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Journal of Occupational & Environmental Medicine:
doi: 10.1097/JOM.0b013e3181aa012a
Original Articles

Depressive Complaints as a Predictor of Sickness Absence Among the Working Population

Lexis, Monique A. S. MSc; Jansen, Nicole W. H. PhD; van Amelsvoort, Ludovic G. P. M. PhD; van den Brandt, Piet A. PhD; Kant, IJmert PhD

Continued Medical Education
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Objective: To study the relationship between depressive complaints and sickness absence in the working population.

Methods: Data from a prospective epidemiological cohort (n = 3339) were used. Depressive complaints were measured with the Hospital Anxiety and Depression (HAD-D) Scale. Sickness absence was assessed objectively through individual record linkage with the company registers.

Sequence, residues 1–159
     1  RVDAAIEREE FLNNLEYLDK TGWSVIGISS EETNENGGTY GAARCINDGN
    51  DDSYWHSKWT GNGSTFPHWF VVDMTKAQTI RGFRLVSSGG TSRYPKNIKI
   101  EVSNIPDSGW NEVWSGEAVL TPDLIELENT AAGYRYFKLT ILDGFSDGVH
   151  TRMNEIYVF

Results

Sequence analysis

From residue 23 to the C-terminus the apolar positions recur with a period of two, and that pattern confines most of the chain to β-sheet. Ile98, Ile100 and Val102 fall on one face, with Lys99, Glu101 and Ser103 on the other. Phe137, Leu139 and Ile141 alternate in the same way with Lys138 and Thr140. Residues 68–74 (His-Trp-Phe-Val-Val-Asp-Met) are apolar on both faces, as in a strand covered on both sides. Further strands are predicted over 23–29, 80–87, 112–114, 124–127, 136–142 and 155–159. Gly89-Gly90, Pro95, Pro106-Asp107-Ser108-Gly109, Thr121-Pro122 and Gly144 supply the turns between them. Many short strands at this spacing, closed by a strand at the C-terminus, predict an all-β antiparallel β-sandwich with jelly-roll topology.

Results: Higher levels of depressive complaints were associated with a shorter time to first sickness absence spell and a longer duration of sickness absence. In women with mild depressive complaints, the average number of sickness absence days over 10 months follow-up was 27.37 (SD = 64.73) days versus 11.01 (SD = 30.03) days (P < 0.001) in employees scoring within the reference range. In men this was 14.48 (SD = 38.73) days versus 7.67 (SD = 25.80) days (P < 0.001).

Conclusions: Prevention of mild depressive complaints might be beneficial in preventing future sickness absence.

©2009The American College of Occupational and Environmental Medicine


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